This day in history

1989 New era for Czechoslovakia

Three weeks of border clashes between Iran and Iraq appear to have finally erupted into all-out war.

Iraq has bombed several Iranian air and military supply bases, including Tehran’s international airport.

The rise in hostilities comes after Iraq tore up a 1975 border agreement with Iran over sovereignty of the Shatt al-Arab waterway.

The southern end of the river forms part of the border between the two countries, leading into the Gulf, and is a vital supply line for oil to the West.

Iraqi and Iranian ships exchanged fire in the disputed estuary yesterday and Iraq claimed to have sunk eight Iranian patrol boats.

Iranian reports say Iraqi forces shelled the Iranian naval base of Khorramshahr, 20 miles (32kms) south of Abadan, and site of the world’s largest oil refinery. There are also reports of ground forces advancing into surrounding Iranian territory.

Iraqi officials say Iranian guns hit Iraqi economic installations in the Shatt al-Arab waterway. Some reports say they fired at an Iraqi oil reservoir in the Basra area in southern Iraq and set it on fire.

Iraq has announced the call-up of all army, police, public security and customs reservists.

It is also reported to have moved bombers and transport aircraft into neighbouring Jordan.

Western diplomats believe Iraqi President Saddam Hussein is seeking to take advantage of the post-revolution turmoil in Iran to seize control of the waterway and other territory handed over to Tehran as part of the 1975 agreement.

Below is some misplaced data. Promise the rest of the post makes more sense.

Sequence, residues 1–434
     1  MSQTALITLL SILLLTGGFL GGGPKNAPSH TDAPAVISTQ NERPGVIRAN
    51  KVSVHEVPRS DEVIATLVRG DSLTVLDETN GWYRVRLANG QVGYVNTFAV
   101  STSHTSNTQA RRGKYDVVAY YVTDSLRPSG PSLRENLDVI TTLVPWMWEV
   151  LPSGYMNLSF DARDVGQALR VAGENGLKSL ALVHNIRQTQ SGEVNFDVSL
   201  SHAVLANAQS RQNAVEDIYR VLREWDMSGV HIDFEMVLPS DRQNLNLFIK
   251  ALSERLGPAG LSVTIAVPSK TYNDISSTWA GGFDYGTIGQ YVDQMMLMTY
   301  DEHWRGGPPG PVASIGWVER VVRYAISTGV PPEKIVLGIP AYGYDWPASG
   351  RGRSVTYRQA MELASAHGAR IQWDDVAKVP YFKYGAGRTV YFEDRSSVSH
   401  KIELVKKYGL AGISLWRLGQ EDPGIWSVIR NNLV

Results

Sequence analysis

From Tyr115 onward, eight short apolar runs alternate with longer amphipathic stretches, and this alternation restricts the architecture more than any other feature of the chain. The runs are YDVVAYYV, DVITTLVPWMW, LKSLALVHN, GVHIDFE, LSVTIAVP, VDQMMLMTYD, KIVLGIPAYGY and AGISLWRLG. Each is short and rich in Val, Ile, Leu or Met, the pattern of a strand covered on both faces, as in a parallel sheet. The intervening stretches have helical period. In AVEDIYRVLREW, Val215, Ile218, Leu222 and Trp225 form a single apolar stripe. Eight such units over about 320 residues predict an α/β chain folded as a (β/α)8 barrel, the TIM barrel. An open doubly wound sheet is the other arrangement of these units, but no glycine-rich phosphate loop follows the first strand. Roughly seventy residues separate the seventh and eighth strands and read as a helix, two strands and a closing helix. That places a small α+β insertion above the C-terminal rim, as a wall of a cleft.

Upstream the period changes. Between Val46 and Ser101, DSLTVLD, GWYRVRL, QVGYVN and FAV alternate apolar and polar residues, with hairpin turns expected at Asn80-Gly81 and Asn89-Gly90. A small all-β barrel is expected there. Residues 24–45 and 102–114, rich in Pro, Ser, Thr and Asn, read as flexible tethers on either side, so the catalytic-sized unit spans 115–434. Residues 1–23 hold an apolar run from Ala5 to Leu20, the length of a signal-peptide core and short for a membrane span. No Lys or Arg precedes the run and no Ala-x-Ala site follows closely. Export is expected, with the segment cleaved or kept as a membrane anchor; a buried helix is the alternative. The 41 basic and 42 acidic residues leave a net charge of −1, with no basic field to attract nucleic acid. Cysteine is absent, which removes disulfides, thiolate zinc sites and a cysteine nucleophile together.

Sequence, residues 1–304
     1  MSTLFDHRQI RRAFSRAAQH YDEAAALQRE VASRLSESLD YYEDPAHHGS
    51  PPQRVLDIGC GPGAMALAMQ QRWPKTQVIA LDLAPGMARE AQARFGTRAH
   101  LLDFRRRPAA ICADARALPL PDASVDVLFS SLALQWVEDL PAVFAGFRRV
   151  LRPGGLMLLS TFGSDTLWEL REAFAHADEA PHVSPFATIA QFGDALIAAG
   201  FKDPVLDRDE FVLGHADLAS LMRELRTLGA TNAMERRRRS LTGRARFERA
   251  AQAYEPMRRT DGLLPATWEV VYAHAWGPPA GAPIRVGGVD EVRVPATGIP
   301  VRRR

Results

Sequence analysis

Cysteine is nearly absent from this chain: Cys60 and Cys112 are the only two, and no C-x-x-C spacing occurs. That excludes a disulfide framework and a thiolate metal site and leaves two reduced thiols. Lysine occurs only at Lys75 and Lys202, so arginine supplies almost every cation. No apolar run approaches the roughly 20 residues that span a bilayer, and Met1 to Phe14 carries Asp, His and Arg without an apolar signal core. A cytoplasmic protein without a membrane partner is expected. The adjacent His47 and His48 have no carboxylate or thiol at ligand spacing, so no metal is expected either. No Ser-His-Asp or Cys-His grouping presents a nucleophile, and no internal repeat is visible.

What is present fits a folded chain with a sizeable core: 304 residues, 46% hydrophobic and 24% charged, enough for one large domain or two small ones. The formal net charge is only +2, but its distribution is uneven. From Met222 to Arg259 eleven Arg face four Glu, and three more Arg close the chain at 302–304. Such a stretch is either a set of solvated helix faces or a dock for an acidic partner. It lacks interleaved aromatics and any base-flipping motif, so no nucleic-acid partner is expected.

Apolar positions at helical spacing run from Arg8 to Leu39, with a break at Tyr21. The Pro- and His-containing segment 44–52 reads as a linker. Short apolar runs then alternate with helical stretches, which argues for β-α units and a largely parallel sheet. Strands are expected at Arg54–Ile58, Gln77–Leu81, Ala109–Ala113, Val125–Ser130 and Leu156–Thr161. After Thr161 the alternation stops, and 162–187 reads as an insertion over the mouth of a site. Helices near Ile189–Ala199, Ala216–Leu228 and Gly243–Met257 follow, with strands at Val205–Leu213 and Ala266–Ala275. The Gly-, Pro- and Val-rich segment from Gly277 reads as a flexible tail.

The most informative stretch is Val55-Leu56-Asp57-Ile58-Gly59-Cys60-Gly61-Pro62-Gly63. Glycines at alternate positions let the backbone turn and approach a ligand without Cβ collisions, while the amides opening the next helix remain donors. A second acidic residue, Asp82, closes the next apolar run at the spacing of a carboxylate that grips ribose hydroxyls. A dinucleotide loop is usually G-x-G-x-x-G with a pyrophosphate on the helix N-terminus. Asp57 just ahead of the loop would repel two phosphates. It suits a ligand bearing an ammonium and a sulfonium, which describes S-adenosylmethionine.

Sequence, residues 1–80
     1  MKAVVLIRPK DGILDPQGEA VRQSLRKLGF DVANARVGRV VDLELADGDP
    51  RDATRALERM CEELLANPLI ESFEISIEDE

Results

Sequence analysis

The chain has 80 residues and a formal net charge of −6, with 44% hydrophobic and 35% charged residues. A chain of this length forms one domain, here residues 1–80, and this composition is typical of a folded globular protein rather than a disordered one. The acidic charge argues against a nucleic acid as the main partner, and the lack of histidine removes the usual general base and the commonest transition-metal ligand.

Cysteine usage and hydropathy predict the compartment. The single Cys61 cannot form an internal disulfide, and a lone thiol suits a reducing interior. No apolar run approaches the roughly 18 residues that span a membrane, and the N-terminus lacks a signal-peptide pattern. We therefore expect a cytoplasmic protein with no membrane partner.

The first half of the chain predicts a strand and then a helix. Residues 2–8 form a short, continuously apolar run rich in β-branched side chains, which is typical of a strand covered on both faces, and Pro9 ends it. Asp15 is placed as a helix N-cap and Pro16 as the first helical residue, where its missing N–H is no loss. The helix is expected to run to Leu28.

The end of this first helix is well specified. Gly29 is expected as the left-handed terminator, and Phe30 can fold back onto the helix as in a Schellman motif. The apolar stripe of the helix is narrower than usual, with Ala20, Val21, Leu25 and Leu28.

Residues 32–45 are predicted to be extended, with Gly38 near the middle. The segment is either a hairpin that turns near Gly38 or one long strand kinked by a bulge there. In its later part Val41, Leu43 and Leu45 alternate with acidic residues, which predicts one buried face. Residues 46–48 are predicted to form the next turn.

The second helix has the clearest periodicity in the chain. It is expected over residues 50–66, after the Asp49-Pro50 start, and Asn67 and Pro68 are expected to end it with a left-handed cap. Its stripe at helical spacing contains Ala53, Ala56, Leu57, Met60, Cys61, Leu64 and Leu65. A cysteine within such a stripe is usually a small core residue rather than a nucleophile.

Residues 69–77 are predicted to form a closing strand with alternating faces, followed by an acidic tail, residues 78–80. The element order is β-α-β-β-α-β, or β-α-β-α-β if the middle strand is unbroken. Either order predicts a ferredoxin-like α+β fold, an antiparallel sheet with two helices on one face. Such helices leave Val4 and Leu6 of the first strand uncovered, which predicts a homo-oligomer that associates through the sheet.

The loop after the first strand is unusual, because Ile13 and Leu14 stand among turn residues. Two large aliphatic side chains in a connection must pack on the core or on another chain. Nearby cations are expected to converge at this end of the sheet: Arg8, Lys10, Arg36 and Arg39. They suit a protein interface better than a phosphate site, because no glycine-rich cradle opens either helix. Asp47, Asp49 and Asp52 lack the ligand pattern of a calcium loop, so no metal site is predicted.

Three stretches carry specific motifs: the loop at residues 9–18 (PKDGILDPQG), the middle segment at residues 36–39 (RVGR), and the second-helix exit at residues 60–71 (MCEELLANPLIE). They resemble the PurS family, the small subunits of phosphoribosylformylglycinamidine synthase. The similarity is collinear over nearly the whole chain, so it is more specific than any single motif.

In return Iran agreed to end support for a Kurdish rebellion in northern Iraq.

President Hussein also appears intent on destroying the new Islamic leader, Ayatollah Khomeini’s, grip on Iran and the majority Shia Muslim population amid fears they may arouse discontent among Iraq’s Shia majority community.

A senior member of the Iraqi government, Tariq Aziz, is in Moscow for talks in what appears to be a move to seek for more arms.

Iran may be forced to seek support from its traditional ally, the United States. Part of the price for that support would be a demand to release the 52 US hostages who have been held by Islamic fundamentalists in Tehran since November last year.

Oil experts in London say the conflict spells no immediate threat to supplies.

Courtesy BBC News

In context

The Federal Assembly abolished the Communists’ constitutional hold on power after the resignations.

The following month Alexander Dubcek was elected chairman of the new administration and dissident Vaclav Havel became president, completing what became known as the “Velvet Revolution”.

In 1990 the country was separated into two independent republics – one Czech and one Slovak – and free elections were held for the first time since 1946.

Over the next two years the Slovak separatist movement successfully campaigned for autonomy from the Czech lands.

The “Velvet Divorce” was concluded and from 1 January 1993 Czechoslovakia ceased to exist and became two independent states – the Czech Republic and Slovakia.

Categories Uncategorized